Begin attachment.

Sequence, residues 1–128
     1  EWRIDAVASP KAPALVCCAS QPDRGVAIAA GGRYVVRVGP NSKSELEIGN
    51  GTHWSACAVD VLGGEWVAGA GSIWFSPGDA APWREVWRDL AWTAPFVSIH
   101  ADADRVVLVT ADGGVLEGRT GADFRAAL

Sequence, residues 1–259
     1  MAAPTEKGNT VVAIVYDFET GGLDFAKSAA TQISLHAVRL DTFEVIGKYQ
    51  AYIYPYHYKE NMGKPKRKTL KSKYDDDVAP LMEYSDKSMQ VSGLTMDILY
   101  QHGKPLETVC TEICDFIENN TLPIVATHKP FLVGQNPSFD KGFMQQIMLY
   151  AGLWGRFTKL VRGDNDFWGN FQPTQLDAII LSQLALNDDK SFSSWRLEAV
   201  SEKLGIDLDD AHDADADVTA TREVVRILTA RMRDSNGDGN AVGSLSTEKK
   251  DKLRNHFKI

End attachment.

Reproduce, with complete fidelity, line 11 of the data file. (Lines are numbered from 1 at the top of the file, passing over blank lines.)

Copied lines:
   251  DKLRNHFKI